“Ah, ah, hi,” Thaddeus said, his voice trembled with ecstatic emotion. He looked like he was going to say something but was pushed aside by a doctor looking type. A very unhappy nurse at his heels.
The doctor didn’t apologize as he stormed up to Emily’s bed. “You can’t take that breathing tube out. I have to do that.” He started to reach for it when she slipped the tube under the sheets.
Emily glowered at him as she struggled to breathe. “Don’t even think it. You try to stick it back in me I’ll stick it in you where the sun don’t shine. Now back off.” Her voice slightly less gravelly but firm.
Stunned, the doctor stood at her bedside, his mouth hanging open as he tried to form the simplest of thoughts. Before he knew what happened he was unceremoniously pushed out of the way.
Thaddeus looked at the doctor, now sprawled in a chair. “Trust me doc, she’d do it too, even in her condition.” He paused to look at the angelic face of his daughter. “Pissed and ready to kill.”
Thaddeus looked deep in his daughters eyes. He could see she had a lot of questions. He turned back to the nurse, who didn’t know who to help or what to do. “Two coffees, large and black. Either Columbian or Sumatra. And make sure it’s fresh. Not that hours old stuff I smelled by the station,” he snapped. He then turned to the slowly recovering doctor, “You go find someone who needs your help. Everything’s fine here.”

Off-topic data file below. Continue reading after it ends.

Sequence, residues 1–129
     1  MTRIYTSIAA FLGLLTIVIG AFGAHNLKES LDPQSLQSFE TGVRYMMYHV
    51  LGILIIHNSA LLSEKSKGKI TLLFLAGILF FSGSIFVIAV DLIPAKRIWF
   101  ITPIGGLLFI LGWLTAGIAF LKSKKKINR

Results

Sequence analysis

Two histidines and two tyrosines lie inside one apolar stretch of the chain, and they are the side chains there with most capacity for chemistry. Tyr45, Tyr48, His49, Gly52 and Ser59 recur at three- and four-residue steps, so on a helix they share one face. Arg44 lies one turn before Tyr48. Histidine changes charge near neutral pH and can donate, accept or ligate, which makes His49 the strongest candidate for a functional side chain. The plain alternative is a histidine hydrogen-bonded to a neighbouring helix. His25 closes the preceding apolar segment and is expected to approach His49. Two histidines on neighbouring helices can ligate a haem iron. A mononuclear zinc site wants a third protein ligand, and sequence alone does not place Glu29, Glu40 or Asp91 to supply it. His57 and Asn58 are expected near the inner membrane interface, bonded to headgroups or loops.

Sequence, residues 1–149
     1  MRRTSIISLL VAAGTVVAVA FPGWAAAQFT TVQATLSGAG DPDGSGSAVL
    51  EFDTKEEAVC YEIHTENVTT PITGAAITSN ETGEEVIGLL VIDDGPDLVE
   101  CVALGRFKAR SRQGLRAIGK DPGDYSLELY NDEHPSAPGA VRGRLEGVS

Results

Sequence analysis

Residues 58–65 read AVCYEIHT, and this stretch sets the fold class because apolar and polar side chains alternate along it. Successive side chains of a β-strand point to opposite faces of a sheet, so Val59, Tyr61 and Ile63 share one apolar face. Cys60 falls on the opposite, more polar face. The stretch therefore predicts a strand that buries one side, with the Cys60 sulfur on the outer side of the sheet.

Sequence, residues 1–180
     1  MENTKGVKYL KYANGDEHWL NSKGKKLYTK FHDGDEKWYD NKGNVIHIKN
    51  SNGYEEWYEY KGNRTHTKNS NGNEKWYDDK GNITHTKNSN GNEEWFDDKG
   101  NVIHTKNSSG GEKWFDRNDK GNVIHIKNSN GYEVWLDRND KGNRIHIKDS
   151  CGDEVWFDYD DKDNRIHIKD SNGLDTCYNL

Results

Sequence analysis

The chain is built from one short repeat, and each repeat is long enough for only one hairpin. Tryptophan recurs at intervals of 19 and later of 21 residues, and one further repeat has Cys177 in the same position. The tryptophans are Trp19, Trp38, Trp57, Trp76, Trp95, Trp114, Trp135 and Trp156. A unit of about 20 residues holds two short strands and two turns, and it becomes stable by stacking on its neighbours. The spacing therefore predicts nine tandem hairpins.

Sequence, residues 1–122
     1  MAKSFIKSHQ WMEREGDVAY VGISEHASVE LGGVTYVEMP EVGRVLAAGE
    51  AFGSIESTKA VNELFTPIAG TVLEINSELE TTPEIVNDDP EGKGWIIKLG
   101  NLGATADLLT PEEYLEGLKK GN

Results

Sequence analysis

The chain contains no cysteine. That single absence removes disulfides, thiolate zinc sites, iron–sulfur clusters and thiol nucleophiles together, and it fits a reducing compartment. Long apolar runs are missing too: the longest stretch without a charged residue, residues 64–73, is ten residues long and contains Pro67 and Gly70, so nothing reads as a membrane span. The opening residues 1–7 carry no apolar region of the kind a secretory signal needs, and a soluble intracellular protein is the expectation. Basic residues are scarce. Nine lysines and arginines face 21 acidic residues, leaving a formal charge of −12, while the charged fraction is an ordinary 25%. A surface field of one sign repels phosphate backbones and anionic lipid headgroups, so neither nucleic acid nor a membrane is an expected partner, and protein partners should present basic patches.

Both were about to protest weakly when Thaddeus pointed to the door. “Go.” His voice leaving no room for arguing or discussion.
Once alone with his daughter, he filled her in on the events of the past three days. He couldn’t help but feel the same disappointment as she when he told her Aziz had escaped.
He was relieved to see she was happy that she’d be flown home in the next day or so, now that she was awake. What made the news even better, he’d pulled a few strings, they’d be going back in a private plane. When asked who’s plane, he didn’t answer as he didn’t need to because just then the answer walked through the door, two cups of coffee in her hands.
“Mine,” Alison Bosch pleasingly announced. Her husband of three weeks trailing in her wake carried two more. She handed one to Emily while Richard gave one to Thaddeus.
“As long as it’s not a helicopter. I never want to ride in one of those death machines again for as long as I live.”
Emily beamed, well as best she could under the circumstances, a smile at her two new visitors. Then, she looked around like something or more precisely someone was missing.
“She’s home with the kids. Tried to get her to come but you know how new mother’s are. Hate leaving the little ones,” Alison said with a smile.
Emily looked first at her dad then Alison and Richard, “So when can I get out of here?”
“Now, if I had a choice,” the doctor said as he barged into the room, “but I want you here for another twenty-four hours. And since you’ve got a ride home you won’t have to wait. The next transport isn’t scheduled until next week.” He turned and left.
No sooner had the door slammed on the doctor then a sound froze Emily. Fear flashed in her eyes. Those with her shared a look of understanding. They’d heard the high pitched whine of twin turbine engines. A Black Hawk landing.